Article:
It is reaffirmed in 2013 that specific alpha growth planning is necessary for most middle market companies and their PE sponsors. After 2 years of contraction (2008-2010), markets have rebounded, but with only tepid growth. Moreover, the IMF and others just revised downward again – even before DC’s latest shenanigans – growth projections for at least 2 more years.
The billion dollar question for middle market companies is: How can relatively unsophisticated companies effectively and affordably find growth for themselves and for their PE sponsors without being able to ride a wave of beta market growth?
One process that MRA has developed to finding growth in middle market companies is basic, straight forward, with clear measurements and most importantly with a track record of success. It is manageable for unsophisticated companies and scalable for PE firms with multiple portfolio companies.
The MRA process for finding growth in middle market companies:
- Dedicate time and effort to doing an objective business assessment.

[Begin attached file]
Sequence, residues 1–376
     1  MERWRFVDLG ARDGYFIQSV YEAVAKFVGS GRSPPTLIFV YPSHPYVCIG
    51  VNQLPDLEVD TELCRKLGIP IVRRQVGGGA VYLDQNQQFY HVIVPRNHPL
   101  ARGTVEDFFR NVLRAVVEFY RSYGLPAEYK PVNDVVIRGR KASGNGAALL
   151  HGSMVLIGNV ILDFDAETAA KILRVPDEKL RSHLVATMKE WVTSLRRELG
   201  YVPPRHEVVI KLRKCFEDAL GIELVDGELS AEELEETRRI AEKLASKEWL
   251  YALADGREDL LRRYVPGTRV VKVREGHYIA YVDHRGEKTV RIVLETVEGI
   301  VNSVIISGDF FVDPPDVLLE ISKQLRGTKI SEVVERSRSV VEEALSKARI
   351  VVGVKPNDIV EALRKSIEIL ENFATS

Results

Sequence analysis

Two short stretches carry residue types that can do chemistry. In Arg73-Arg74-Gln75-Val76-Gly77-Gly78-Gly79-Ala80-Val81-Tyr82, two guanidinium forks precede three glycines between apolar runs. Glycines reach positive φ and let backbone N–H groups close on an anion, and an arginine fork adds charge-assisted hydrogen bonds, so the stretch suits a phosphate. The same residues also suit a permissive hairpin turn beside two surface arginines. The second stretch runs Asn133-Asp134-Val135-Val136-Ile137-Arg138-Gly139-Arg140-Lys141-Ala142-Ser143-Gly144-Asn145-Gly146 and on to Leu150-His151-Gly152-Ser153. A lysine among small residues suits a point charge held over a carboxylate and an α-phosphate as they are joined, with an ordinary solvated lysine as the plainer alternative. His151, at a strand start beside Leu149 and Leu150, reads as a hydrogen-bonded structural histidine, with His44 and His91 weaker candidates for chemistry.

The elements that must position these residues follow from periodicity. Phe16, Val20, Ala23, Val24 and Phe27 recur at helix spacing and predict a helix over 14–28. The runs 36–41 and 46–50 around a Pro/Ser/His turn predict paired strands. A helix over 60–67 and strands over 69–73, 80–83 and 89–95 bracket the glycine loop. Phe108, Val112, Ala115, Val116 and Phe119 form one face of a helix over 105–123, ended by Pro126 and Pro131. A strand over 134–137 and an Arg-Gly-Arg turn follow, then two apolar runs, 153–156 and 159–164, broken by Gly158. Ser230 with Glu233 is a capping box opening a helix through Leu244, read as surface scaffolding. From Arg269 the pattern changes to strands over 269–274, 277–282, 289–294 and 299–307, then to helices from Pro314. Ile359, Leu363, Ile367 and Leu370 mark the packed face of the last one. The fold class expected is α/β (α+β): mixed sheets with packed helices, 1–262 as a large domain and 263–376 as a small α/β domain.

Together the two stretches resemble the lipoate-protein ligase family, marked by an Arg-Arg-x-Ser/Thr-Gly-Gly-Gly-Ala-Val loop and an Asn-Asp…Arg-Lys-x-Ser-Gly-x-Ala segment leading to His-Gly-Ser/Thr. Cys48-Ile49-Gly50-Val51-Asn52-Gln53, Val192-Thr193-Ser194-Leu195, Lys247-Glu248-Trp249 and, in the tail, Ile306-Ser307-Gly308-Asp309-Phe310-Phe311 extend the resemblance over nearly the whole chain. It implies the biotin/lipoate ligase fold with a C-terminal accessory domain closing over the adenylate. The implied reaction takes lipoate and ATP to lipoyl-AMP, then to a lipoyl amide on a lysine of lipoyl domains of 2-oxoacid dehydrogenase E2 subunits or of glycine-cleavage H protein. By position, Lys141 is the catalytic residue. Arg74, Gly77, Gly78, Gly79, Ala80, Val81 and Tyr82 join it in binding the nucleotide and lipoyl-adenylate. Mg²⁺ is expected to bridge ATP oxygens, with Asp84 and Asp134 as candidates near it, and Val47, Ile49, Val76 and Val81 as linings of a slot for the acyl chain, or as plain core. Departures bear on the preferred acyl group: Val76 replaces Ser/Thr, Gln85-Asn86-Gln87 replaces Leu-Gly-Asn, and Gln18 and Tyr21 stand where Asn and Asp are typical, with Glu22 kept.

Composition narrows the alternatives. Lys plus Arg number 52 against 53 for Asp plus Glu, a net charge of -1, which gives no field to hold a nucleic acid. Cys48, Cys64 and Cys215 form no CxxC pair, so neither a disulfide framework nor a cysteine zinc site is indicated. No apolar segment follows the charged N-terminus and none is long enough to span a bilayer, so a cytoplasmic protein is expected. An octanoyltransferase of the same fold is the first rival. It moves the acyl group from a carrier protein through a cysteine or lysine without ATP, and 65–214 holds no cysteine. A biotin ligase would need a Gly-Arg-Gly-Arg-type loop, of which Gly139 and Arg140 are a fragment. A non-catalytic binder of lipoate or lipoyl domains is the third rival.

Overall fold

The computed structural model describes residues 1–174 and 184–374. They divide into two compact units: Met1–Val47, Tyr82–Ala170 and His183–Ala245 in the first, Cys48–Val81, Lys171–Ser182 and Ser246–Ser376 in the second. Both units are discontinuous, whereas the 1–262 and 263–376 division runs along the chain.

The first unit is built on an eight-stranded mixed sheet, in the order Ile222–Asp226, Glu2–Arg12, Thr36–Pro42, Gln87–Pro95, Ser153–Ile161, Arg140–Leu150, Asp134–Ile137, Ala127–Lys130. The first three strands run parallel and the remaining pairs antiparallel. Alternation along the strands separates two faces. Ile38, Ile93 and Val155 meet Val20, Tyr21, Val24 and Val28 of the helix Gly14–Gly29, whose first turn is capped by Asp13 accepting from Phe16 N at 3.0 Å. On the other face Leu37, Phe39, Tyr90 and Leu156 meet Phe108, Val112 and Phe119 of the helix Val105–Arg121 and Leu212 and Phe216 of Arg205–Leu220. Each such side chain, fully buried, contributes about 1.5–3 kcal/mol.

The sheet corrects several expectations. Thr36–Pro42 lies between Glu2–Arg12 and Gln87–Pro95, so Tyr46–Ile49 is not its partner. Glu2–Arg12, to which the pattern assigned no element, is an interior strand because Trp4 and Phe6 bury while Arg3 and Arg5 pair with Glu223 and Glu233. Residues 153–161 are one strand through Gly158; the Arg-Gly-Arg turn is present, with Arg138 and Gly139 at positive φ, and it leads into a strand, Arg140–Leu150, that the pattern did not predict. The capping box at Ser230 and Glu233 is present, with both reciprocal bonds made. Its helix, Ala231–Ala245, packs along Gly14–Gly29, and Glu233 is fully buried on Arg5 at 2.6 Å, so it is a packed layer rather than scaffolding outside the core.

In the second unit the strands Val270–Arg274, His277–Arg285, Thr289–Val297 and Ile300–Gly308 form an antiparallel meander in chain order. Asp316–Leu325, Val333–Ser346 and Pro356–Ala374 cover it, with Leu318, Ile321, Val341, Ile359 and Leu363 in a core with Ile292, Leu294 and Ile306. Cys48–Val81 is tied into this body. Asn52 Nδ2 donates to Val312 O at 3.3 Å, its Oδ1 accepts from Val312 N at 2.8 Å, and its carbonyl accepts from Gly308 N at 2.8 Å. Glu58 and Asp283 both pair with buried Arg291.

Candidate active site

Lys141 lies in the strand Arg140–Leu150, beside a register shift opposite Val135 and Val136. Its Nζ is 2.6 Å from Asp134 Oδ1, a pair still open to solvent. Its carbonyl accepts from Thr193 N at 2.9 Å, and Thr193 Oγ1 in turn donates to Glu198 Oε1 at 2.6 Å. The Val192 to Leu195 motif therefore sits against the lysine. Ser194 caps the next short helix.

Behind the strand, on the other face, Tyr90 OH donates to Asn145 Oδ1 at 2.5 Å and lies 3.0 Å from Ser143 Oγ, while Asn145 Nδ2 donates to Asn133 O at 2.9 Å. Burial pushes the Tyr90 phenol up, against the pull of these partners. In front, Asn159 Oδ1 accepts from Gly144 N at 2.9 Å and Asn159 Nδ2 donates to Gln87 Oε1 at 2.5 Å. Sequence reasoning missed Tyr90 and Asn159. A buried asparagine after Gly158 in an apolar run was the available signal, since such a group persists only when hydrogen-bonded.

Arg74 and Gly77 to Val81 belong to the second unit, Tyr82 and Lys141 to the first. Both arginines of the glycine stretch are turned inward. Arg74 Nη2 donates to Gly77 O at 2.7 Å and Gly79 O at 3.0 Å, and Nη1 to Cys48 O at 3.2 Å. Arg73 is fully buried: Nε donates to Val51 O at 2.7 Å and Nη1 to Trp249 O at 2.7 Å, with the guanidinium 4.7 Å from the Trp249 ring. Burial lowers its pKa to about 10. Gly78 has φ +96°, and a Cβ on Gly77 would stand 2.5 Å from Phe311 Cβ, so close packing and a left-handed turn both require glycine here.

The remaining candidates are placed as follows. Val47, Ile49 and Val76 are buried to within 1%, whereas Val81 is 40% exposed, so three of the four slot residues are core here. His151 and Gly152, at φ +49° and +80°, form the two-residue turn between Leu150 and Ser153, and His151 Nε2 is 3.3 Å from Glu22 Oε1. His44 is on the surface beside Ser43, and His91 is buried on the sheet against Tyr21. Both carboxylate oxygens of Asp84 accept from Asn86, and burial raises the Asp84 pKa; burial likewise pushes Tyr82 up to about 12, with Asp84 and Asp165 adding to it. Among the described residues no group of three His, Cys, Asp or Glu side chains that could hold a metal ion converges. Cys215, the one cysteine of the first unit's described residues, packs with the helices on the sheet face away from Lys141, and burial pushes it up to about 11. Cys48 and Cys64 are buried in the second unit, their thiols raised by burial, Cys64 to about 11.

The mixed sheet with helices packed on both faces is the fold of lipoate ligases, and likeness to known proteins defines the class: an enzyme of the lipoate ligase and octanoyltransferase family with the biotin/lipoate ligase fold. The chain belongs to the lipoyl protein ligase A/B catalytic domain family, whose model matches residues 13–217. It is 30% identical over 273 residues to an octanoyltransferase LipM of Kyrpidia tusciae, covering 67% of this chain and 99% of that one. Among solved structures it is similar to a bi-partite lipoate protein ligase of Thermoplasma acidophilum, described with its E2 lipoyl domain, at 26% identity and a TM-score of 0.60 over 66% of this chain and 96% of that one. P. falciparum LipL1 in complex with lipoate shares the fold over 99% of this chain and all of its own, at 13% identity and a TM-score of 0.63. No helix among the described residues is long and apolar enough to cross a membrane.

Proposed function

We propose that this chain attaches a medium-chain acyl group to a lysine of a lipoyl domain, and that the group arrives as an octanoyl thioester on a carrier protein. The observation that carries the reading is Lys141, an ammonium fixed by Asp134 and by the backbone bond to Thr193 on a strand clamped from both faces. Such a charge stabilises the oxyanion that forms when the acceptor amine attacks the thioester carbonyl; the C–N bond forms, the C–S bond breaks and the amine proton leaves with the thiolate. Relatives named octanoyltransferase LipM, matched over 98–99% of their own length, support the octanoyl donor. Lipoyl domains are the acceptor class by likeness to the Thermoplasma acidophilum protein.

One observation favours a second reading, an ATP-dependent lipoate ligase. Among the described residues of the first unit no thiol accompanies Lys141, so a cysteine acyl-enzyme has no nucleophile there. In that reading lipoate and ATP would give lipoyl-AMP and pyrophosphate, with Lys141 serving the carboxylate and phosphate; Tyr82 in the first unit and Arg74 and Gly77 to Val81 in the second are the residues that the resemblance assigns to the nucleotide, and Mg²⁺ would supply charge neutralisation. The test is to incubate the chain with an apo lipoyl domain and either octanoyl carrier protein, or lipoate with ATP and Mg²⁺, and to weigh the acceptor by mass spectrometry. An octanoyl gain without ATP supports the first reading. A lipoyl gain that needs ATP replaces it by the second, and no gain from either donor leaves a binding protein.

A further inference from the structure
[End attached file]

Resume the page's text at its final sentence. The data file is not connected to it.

- Reach consensus on findings and implications with managers and management.
- Develop action plans based upon the consensus of the assessment findings.
- Reach consensus again with the company managers and management on the action plan steps.
- Forecast: revenue, profit and other goals and develop clear KPI’s to monitor them.
- Develop a bonus plan linked to the business plan to reward managers for success.
- Do it all quickly. In middle market companies, this process should not be more than 2-4 weeks from assessment to the start of plan implementation.
- And finally, as they say in hair care, “rinse and repeat”. After the initial plan has run its course, begin the process all over again.
While much of this seems like “basic management 101”, it has been our experience that few middle market companies have: a clear understanding of their objective business conditions, consensus and ownership on the right action plans to implement or KPIs in place to monitor a universal set of goals. It is also our unfortunate experience that only a small percentage of companies actually incent their employees based upon appropriate and meaningful action plans and measures.